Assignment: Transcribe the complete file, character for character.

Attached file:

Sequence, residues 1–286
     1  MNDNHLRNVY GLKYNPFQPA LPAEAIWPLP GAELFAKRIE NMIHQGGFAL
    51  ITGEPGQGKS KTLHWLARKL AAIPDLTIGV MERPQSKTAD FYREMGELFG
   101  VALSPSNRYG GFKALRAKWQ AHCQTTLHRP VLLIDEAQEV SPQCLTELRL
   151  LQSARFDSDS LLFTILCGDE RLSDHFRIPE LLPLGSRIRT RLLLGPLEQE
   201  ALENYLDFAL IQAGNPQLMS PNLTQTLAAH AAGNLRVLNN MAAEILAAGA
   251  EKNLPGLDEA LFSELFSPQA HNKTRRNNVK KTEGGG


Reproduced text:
Sequence, residues 1–286
     1  MNDNHLRNVY GLKYNPFQPA LPAEAIWPLP GAELFAKRIE NMIHQGGFAL
    51  ITGEPGQGKS KTLHWLARKL AAIPDLTIGV MERPQSKTAD FYREMGELFG
   101  VALSPSNRYG GFKALRAKWQ AHCQTTLHRP VLLIDEAQEV SPQCLTELRL
   151  LQSARFDSDS LLFTILCGDE RLSDHFRIPE LLPLGSRIRT RLLLGPLEQE
   201  ALENYLDFAL IQAGNPQLMS PNLTQTLAAH AAGNLRVLNN MAAEILAAGA
   251  EKNLPGLDEA LFSELFSPQA HNKTRRNNVK KTEGGG